E-Humor in Egypt: The Man Behind Omar Suleiman Meme
One genre of joke that emerged in the wake of the Egyptian revolution was that of “the man behind Omar Suleiman.” It involved jokes, pictures, videos and even a song based around a mysterious figure who appeared on the crucial television broadcast in which Hosni Mubarak’s resignation was announced.
On the 18th day of protests, Omar Suleiman announced that he was going to make an emergency statement. As Egyptians everywhere anxiously huddled around their television sets to listen to the statement they had all been waiting for, many viewers’ couldn’t help but notice the stern, frowning man standing behind the vice president.
The initial jokes began by asking: who is that guy standing behind Omar Suleiman?
The answers were many. It was speculated that he was Omar Suleiman’s personal security officer, or a member of Suleiman’s political office, or an Egyptian army officer. Then the jokes began, the most widely circulated being somebody quipped “He’s the guy who owns the microphone, waiting to take it when Suleiman finishes” and the jokes started to flow.
Jokes spread not only by word of mouth but more frequently by Twitter, blogs and other social media. An Omar Suleiman hashtag was created.
Twitter, of course, lends itself to a number of satirical uses. Early on during the protests, hashtags were created for several targets of the revolution, including Hosni Mubarak and Habib Al-Adly, and these too contributed to the flow of humor:
@HosniMobarak: I wish I was cool enough to have #TheGuyBehindOmarSuleiman stand behind me.
@HabibElAdly: Too busy trying to arrest and torture #TheGuyBehindOmarSuleiman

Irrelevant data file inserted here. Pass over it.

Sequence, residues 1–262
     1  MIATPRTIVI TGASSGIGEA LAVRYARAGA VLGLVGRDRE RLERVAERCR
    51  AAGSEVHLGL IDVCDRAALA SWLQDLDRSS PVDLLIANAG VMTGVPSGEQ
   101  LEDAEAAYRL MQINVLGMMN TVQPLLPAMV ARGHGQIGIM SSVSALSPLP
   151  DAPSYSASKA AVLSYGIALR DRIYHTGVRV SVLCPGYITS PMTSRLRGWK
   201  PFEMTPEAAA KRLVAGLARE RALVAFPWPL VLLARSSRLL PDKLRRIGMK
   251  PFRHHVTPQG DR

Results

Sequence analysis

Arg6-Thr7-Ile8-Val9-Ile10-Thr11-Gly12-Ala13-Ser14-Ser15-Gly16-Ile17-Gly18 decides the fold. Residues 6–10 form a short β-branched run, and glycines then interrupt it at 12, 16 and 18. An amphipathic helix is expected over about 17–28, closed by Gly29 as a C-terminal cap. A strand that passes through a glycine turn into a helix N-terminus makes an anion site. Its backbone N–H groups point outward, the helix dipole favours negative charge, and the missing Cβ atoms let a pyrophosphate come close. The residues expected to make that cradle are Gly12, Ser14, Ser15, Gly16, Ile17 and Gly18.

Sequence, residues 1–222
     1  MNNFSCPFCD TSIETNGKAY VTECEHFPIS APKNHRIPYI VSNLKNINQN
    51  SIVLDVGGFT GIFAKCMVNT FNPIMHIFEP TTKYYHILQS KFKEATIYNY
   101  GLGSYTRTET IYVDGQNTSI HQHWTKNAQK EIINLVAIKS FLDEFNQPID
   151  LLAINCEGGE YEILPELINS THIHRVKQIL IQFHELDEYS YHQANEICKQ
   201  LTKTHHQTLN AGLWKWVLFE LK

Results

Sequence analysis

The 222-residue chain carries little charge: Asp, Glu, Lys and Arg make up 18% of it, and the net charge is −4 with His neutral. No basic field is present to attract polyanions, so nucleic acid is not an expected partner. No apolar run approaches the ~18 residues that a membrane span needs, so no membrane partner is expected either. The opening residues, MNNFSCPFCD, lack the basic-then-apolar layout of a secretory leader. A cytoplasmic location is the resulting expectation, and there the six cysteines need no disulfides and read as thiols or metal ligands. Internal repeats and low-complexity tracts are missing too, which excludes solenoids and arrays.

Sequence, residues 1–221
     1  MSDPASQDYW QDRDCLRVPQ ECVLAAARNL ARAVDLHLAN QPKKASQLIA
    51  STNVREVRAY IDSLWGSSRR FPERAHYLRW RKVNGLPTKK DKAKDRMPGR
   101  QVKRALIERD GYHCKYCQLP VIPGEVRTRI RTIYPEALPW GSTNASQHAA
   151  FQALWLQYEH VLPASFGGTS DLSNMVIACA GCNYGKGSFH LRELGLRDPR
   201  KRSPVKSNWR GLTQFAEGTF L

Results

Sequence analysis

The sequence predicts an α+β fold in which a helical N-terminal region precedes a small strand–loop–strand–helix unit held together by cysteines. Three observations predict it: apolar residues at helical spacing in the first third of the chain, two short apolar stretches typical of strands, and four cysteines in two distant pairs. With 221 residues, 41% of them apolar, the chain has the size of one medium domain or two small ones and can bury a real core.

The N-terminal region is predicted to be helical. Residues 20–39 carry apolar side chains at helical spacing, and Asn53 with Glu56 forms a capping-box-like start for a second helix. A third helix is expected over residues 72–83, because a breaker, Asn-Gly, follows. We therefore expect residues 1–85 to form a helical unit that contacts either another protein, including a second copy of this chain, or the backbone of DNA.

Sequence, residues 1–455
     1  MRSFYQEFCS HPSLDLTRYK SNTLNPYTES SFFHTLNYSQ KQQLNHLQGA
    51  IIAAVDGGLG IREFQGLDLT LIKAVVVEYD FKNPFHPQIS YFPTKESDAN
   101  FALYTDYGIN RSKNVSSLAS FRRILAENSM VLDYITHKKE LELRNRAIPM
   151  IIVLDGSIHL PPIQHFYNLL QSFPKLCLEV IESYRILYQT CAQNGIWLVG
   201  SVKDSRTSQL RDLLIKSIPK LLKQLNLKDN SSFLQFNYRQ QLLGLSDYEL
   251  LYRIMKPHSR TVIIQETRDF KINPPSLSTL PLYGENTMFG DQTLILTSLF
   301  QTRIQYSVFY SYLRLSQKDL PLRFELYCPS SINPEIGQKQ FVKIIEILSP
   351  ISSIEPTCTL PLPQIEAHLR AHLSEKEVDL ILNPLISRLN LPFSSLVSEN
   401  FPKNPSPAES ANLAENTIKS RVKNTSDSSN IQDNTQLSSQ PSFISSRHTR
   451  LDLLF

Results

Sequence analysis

But the joke was in many ways itself a visual joke, and it inspired visual responses. Using photoshop, people began to insert the man behind Omar Suleiman into other photos. Some of the earliest portrayed him as a career-ending angel of death, standing behind Saddam Hussein, Zine El Abidine Ben Ali and Muammar Qadafi.
The Man Behind Omar Suleiman (MBOS) became, in other words, a meme.
The term meme was originated by Richard Dawkins to be a general unit for culture akin to the gene as a unit for biology. As such, it’s an absurd notion (for reasons I won’t go into here). But the concept has been borrowed very effectively to refer to discrete mimetic sign that spreads rapidly from person to person via the Internet, via e-mail, blogs, forums, social networking sites, instant messaging and video streaming sites such as YouTube.
Ultimately five main genres emerged:
- Jokes that inserted MBOS into additional photos standing behind other world leaders, from Barack Obama to Martin Luther King to Adolph Hitler to George Bush.
- Jokes that inserted MBOS into scenes from history and elsewhere in the world
- Jokes that inserted MBOS into scenes from popular movies
- Jokes that switched the MBOS for someone else—putting the Angel of Death, the evil rabbit from Donny Darko, the Panda from a series of Egyptian dairy ads, and so forth in his place behind Omar Suleiman
- And versions that play with the photographic conventions themselves. For example, one photo switched places between Omar Suleiman and MBOS. Another offered an infinite regression of OS, the MSBOS, OS, MBOS disappearing off the photo. Another featured a the MBOS replacing Hosni Mubarak in a scene of the Egyptian Parliament in session.
Many of the photos were posted to a Facebook page which had more than 40,000 fans before it got taken down.